Who impacts speed to therapy? That depends on who you ask

December 22, 2015

Specialty medications offer unprecedented advances in the treatment of many serious, life-threatening rare and orphan diseases. Getting patients on therapy, often described as “speed-to-therapy,” is critical for patients, drug manufacturers, and specialty pharmacies alike. When patients receive their medications quickly, they’re more likely to adhere to their treatment plans and trust particular brands long-term, both of which are directly tied to pharmaceutical company revenue. The longer it takes to fill a prescription, the more likely physicians are to seek alternate therapies for their patients. Delays in access to therapy also impact specialty pharmacies, which are often perceived as the reason for delays.

What is speed to therapy and who impacts it?

Speed to therapy measures how much time it takes for patients to receive their specialty medications. Even though speed to therapy is one of the most important metrics in the industry, manufacturers, specialty pharmacies, and hub service providers all measure and think of it differently.1

Pharmaceutical manufacturers: They care the most about speed to therapy data, but say they’re least suited to collect it.

Brand executives at pharmaceutical companies are often the ones collecting and determining speed to therapy metrics, but agree they’re least suited to provide unbiased, robust data. Rather, they believe specialty pharmacies, followed by third-party data aggregators, can more accurately collect this type of data. According to a recent study by Prometrics, most manufacturers also say hubs shouldn’t be the ones providing data on speed to therapy.2

Everyone agrees the inefficiencies are real, but manufacturers say missing information is the number one cause, followed by paper-based prior authorizations, high out-of-pocket costs, patient delays, duplicate efforts between hubs and specialty pharmacies, and finally, operational inefficiencies within the pharmacies themselves. They say better coordination with physician offices, followed by better communication with specialty pharmacies, hubs, and payers can increase speed to therapy. They also recommend a pay-for-performance model for specialty pharmacies, which could increase their incentive to fill specialty drugs more quickly.2

Specialty pharmacies: They’re on the same page with manufacturers.

According to the same study, specialty pharmacies agree with manufacturers that missing information is the biggest cause of delay. 2 After all, how often are specialty pharmacists on back-and-forth phone calls with physicians’ offices, trying to obtain lab tests and paperwork? And, how many times a day do they fax prior authorizations and patiently wait for responses?

The difference is here: specialty pharmacies say the process would be more efficient if manufacturers were better at coordinating directly with them. 2 This might include evaluating the current workflow and embracing new, more efficient technologies to better connect physicians, payers, and patients.

Hub service providers are closest to the problem — but they see the situation very differently.

The specialty medication prescribing process is complex; so complex that it gave way to hub service providers. These intermediary organizations are hired by pharmaceutical manufacturers (or built within manufacturers) to facilitate the prescription workflow and provide data insights into workflow bottlenecks.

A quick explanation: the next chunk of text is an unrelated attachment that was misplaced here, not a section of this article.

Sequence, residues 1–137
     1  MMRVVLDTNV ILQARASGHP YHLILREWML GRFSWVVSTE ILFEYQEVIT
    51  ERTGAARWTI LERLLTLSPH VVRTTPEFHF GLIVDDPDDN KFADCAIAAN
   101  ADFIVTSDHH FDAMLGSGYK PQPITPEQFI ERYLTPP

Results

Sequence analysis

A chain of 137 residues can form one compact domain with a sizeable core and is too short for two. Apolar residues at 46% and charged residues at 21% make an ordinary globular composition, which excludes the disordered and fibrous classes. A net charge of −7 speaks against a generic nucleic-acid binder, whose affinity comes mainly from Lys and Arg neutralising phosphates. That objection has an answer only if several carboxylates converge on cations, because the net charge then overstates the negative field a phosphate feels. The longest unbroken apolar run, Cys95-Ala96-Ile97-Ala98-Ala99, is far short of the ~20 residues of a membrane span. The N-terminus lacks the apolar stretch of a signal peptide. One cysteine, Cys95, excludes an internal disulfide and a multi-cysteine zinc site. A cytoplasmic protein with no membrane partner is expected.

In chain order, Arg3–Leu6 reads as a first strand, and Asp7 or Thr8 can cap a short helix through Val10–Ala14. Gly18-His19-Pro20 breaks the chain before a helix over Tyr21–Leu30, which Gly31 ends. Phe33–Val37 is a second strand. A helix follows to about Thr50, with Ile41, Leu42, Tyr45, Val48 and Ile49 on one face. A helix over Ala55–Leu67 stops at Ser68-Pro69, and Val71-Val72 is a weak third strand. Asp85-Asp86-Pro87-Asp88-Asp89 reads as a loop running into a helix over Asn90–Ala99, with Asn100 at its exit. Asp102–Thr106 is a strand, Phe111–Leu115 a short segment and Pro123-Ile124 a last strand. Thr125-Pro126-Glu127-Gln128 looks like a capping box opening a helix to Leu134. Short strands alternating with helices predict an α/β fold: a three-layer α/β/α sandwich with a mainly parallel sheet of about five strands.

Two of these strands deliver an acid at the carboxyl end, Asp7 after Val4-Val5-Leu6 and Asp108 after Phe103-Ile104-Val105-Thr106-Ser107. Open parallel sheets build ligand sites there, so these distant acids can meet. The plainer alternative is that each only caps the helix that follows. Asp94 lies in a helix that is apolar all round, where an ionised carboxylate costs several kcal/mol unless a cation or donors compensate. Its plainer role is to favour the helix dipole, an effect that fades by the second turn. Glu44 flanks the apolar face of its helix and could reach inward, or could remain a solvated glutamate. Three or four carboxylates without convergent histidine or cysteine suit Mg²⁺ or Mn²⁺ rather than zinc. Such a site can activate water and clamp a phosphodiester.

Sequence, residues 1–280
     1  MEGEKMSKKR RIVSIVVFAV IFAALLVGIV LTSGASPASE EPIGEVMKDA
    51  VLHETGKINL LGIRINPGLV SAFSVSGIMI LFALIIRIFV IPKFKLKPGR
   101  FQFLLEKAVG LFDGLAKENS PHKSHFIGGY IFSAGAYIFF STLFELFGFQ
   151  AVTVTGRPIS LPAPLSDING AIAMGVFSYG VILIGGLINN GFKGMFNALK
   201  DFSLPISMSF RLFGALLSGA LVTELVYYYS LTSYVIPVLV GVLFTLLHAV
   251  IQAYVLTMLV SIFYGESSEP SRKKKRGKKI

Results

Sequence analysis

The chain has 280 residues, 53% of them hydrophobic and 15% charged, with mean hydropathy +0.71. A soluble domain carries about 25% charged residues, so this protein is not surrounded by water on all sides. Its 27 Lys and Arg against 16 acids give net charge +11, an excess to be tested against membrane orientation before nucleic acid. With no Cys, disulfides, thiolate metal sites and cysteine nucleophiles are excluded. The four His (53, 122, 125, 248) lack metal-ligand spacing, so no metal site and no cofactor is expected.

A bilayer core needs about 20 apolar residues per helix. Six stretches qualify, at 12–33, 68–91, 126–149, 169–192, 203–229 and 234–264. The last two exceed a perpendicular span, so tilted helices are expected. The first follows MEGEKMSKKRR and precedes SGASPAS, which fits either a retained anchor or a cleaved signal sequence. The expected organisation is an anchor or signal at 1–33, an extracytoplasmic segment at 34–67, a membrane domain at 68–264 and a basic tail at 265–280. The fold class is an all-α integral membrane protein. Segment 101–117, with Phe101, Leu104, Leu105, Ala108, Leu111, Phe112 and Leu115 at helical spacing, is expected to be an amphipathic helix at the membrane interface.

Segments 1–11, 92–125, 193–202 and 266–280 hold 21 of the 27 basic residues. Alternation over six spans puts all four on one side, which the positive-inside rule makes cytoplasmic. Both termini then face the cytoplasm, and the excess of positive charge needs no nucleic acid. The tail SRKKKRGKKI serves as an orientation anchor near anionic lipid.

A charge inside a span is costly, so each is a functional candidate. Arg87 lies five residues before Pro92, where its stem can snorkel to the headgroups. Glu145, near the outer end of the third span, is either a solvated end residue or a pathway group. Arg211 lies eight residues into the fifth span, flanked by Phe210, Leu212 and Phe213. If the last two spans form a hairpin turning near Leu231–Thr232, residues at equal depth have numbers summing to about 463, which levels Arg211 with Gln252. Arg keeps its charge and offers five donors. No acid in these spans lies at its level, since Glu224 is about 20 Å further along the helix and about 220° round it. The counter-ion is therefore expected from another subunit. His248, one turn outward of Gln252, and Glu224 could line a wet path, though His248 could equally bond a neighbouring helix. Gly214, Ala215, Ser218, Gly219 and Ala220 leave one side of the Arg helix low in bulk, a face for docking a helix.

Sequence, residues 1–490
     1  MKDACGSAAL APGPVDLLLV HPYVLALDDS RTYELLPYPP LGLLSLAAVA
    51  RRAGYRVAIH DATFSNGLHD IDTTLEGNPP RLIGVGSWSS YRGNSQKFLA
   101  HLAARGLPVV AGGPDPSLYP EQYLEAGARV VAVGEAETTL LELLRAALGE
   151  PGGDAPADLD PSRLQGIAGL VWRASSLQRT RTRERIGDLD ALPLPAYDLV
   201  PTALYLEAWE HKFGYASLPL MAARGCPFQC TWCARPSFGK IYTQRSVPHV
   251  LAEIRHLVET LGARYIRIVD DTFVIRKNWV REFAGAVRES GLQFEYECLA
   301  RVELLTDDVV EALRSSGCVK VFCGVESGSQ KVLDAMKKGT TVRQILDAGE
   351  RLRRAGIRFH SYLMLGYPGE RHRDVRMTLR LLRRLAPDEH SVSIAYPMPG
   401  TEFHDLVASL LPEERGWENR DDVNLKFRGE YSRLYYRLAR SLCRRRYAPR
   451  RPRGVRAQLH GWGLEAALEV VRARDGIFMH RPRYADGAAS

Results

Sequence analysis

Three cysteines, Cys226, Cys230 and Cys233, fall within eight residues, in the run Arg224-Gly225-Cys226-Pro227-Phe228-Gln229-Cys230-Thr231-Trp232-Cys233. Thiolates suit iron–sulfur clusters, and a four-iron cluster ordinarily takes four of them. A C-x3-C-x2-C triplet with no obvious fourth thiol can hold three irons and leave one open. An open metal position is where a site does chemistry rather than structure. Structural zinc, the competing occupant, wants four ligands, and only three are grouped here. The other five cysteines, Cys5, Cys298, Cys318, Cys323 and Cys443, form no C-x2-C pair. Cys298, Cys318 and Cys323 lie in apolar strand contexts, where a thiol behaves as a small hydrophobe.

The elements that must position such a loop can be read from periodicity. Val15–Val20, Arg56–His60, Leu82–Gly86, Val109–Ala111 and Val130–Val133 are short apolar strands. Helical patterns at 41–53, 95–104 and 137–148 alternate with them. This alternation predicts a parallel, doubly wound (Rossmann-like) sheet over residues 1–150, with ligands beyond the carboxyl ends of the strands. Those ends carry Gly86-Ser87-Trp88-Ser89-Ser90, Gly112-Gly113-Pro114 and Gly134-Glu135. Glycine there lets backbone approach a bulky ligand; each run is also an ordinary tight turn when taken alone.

Here’s the difference in perspective: hubs think they’re the best suited to provide accurate, unbiased analytics on speed to therapy. After, all these organizations are retained to be in the middle of the process. Secondly, hubs blame paper-based, manual prior authorizations for delays. Other studies support this line of thought; for example, it can take up to 7 days or more to complete the prior authorization process for most drugs.3

It seems all parties involved agree on the problem, but differ on its primary causes. Hubs say manufacturers should improve their coordination with them to improve speed to therapy. Yet, 45% of drug manufacturers and 64% of specialty pharmacies agree hubs actually delay the process.2 Meanwhile, hubs, who are arguably closest to the workflow, say their services, including critical patient support services and data insights, are worth any delays that might happen.

What if there is a better way — for everyone?

According to IMS Health, the specialty drug market grew nearly 27% in 2014, and in 2018, it’s predicted to make up nearly 50% of total drug costs.4 Now, more than ever, it’s critical to improve communication — and increase efficiency — among physicians, patients, payers, hubs, specialty pharmacies, and manufacturers. But how?

The solution is to automate the specialty prescribing steps, from the time of the order to delivery, in a secure and easy-to-use platform. This will modernize the prescribing process, which is currently relying on fax machines and phone calls, improve patient access to critical medications, decrease administrative burden, and improve pharmaceutical brand adoption. It’s nearly 2016. It’s time to bring everyone involved in the prescribing process together, embrace new communication technologies, and enjoy a better, faster approach.

1 Duey, Marc and Bogroff, Jason. Pharmaceutical Commerce. (February 2014).
2 Duey, Marc. “CBI-Speed to Therapy,” ProMetrics (August, 2015).
3 “Health Affairs,” Vol. 28 No. 4 w533-w543. (July/August 2009).
4 Medicine Use and Spending Shifts: A Review of the Use of Medicines in the U.S. in 2014, IMS Institute for Healthcare Informatics, April 2015